For One Leaving


You are required to keep the poundage low:
two large cases and a carry-on,
what you take for months overseas.
In a year of famine, you have volunteered
for hunger in a strange language
you begin to force onto your tongue,
words affirming ways of irrigation:
seeds salvaged, sprouts toward green
in the fields.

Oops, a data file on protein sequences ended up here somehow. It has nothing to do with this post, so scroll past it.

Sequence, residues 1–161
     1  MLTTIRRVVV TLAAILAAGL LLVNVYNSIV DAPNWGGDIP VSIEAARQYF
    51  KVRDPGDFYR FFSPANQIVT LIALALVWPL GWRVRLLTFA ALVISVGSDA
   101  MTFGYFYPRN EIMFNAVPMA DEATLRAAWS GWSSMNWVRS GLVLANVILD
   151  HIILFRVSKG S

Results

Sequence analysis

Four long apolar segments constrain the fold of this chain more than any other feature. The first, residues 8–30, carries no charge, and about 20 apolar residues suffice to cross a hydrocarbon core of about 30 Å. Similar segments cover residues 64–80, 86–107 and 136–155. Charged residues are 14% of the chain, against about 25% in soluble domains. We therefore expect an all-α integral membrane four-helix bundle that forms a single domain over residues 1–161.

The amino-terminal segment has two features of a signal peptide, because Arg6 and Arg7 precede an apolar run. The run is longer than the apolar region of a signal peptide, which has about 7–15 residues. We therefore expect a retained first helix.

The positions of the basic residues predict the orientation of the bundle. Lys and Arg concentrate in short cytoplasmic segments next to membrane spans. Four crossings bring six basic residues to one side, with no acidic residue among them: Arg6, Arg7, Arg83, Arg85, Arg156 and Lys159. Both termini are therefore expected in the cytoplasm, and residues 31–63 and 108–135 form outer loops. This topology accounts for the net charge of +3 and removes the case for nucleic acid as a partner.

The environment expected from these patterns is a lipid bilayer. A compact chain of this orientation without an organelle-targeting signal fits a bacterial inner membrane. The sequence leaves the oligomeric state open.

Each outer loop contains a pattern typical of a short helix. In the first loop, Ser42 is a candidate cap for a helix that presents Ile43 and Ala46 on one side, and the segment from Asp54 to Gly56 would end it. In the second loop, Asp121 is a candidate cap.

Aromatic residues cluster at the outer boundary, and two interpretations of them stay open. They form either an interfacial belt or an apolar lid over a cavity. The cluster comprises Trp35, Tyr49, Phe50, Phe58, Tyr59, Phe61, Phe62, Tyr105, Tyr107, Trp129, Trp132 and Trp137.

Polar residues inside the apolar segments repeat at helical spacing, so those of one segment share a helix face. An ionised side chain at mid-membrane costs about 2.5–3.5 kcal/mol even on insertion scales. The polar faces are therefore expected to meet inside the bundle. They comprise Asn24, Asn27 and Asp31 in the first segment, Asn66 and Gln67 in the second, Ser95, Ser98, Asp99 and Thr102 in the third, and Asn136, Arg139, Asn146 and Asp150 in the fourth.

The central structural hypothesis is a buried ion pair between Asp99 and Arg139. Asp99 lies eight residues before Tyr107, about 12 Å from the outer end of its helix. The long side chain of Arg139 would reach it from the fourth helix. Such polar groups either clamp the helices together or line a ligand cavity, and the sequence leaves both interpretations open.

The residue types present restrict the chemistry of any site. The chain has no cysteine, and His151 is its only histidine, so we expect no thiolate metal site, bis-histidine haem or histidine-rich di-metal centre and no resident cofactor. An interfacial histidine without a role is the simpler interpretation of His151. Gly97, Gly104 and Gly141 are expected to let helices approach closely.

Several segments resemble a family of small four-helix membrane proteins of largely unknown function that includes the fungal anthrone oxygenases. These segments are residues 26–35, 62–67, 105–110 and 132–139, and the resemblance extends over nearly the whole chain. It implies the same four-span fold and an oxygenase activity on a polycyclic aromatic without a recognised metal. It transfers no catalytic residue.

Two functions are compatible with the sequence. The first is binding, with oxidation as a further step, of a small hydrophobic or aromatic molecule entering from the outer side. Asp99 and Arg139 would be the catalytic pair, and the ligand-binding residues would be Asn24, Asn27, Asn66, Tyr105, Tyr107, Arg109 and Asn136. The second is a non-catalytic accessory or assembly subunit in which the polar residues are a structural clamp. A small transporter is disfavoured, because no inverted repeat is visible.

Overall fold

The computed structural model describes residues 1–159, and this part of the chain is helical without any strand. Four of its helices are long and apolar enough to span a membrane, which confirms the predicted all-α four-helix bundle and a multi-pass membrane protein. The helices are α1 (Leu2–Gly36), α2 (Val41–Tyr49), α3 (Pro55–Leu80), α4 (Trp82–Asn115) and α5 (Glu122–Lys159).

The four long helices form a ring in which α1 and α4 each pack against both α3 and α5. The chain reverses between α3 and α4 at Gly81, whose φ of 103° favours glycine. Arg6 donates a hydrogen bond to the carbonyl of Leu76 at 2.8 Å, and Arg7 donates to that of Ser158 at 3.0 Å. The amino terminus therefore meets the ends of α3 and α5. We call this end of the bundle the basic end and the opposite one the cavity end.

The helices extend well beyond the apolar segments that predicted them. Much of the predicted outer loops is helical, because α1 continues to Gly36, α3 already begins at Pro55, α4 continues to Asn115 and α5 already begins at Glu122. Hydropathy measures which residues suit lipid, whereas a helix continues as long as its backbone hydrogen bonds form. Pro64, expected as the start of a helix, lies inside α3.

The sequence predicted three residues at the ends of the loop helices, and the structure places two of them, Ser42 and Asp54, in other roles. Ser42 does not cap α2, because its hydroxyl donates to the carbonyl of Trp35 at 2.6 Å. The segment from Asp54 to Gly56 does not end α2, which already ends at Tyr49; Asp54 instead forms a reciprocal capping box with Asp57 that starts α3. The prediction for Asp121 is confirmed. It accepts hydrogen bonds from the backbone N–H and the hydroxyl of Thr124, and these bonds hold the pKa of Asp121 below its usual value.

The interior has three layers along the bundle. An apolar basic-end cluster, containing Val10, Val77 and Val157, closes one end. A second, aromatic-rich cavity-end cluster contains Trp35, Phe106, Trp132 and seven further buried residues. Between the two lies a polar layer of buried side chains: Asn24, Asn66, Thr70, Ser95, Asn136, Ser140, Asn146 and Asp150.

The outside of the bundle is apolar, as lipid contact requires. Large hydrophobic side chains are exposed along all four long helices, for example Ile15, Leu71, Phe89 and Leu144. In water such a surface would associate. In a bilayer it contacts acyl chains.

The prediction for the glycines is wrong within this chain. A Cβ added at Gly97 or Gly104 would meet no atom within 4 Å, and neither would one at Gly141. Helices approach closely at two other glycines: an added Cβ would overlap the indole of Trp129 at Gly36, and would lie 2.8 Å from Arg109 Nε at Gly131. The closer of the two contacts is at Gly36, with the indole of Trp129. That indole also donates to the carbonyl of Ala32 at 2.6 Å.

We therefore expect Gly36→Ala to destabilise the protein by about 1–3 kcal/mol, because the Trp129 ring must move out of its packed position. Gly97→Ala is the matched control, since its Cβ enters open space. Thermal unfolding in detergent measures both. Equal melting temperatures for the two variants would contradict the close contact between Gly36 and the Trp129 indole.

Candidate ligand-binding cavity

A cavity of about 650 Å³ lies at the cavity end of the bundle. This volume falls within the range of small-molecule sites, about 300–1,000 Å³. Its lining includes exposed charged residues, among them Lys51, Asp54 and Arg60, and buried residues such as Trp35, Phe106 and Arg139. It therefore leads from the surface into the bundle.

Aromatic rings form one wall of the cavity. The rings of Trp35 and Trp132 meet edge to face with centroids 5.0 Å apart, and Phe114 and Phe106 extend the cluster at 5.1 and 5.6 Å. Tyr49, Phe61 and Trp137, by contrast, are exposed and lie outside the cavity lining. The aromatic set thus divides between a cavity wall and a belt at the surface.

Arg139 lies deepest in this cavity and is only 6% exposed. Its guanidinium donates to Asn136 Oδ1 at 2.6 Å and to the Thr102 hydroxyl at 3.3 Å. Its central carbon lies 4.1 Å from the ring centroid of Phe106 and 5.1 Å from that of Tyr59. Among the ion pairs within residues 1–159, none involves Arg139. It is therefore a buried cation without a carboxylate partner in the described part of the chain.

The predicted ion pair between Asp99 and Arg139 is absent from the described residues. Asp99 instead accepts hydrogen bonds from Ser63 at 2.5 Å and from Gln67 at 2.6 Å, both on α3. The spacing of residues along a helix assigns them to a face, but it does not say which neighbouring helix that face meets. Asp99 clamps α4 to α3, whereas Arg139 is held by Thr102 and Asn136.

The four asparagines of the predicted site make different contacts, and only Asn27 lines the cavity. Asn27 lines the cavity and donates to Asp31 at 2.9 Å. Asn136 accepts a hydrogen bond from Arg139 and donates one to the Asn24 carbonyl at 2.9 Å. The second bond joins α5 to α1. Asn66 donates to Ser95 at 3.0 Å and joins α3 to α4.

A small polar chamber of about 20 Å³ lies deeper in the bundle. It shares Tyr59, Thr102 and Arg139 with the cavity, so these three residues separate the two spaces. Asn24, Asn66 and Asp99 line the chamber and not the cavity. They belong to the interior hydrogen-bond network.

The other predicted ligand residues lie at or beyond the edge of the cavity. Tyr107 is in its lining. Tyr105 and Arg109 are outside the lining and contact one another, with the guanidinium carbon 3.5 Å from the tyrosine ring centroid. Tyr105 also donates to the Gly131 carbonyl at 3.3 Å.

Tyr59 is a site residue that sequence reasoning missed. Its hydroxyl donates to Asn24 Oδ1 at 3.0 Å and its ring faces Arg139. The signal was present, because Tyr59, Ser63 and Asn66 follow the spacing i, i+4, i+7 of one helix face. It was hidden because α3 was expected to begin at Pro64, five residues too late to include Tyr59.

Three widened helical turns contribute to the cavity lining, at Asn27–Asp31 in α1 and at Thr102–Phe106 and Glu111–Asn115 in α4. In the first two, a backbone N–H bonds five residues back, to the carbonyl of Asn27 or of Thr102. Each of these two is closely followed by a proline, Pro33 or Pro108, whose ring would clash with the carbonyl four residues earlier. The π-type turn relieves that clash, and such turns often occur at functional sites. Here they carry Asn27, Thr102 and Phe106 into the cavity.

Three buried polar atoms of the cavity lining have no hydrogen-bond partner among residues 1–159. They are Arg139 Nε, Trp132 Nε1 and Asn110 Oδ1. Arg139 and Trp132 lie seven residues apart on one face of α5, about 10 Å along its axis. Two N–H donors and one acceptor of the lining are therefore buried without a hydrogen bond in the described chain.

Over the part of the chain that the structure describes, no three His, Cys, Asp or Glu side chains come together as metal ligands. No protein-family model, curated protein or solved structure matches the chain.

What you need most was there
before you packed, not fire in the eyes,
but deeper, not things you have
but what you enjoy.
You’ve planted vegetables and flowers
in old tires—a family’s garden;
pruned massive lilac trees and honeysuckle
that crowded paths; painted fences
and repaired collapsing sheds
in that dying farm town.

When I walk back
toward my car and education, the acquiring
of whatever will allay my dread of poverty,
I carry nothing from the airport
but an ache and tremble in my hands.


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